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Why choose an irrevocable trust?

Even when Washington residents finally accept the importance of timely estate planning to protect their loved one's future, they may become daunted by the complicated estate planning tools available for them to utilize. Between the different types of wills and trusts, drafting estate planning documents can become complicated and overwhelming. But, with a little clarity on what one hopes to achieve through estate planning, it may be possible to choose a correct tool.

The first thing one should think of is what is one's plan -- is the benefactor trying to protect specific assets or to avoid probate? Is the aim to minimize taxes or is it possible to give away substantial portions of assets and avoid being taxed on them? Choosing the right trust and therefore, the right estate planning tool can have serious consequences on both taxes and property protection.

There are two types of trusts, revocable and irrevocable. As the name suggests, an irrevocable trust is one in which the person creating the trust is giving up all rights and ownership of assets placed in the trust. This means that any income they generate does not go to the person creating the trust. In addition to this, in case of bankruptcy, the assets are protected and cannot be claimed.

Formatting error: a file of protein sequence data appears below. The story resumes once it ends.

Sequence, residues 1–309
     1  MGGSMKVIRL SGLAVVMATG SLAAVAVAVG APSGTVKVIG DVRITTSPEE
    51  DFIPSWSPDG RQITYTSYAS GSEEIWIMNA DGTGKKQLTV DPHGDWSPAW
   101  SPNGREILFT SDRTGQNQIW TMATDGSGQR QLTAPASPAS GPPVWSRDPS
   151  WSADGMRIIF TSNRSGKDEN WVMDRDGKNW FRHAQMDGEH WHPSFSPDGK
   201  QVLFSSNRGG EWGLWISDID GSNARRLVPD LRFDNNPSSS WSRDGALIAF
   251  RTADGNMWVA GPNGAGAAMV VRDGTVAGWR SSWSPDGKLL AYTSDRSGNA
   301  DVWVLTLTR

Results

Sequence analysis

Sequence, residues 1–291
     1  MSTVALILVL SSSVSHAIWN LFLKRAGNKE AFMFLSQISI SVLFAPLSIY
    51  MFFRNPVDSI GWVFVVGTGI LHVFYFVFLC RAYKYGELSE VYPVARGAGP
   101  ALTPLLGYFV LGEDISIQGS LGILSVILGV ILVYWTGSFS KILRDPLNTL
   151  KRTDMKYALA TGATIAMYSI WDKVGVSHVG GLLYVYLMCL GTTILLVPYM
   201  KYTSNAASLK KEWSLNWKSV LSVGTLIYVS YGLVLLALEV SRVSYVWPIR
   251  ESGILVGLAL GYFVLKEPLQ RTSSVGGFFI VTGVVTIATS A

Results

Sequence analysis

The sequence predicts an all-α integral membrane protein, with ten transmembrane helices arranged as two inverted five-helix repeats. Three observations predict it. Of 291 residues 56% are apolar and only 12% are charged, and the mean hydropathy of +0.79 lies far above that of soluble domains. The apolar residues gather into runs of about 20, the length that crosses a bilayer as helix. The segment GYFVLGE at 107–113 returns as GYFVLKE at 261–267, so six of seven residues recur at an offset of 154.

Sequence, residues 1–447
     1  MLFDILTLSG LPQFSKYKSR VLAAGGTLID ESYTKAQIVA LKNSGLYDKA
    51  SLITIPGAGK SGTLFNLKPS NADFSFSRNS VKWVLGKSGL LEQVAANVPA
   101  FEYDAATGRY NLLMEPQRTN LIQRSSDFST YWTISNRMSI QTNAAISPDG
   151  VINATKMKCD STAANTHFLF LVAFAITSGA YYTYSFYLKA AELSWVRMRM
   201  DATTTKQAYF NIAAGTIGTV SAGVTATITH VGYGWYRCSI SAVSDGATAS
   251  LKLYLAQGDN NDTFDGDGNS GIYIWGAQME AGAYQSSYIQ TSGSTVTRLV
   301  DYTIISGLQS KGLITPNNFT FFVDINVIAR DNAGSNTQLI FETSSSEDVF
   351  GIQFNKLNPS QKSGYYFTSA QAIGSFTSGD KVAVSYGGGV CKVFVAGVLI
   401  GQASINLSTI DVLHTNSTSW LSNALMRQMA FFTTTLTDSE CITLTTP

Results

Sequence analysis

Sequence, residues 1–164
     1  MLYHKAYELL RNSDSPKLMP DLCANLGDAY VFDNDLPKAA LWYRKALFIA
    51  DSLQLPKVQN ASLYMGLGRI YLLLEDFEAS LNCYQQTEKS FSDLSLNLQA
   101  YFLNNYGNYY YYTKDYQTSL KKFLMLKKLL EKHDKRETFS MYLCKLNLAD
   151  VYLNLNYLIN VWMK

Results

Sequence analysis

As the name suggests, an irrevocable trust can be changed at any time or revoked entirely. This is because ownership of the assets and property does not pass until the person creating the trust passes away -- at that point, the trust becomes irrevocable.

Until then, the assets are under the ownership of the person who created it, which means they are taxed on the income generated by it and creditors can also claim the property. On the other hand, a revocable trust bypasses probate entirely, and the details of the asset distribution are protected from the public eye.

As mentioned above, there can be various reasons why someone might choose to create one trust over another. Whatever one does elect to do, it is important to ensure the legalities are completed so there are no disputes after the testator passes away. An experienced estate planning attorney may be able to help with that.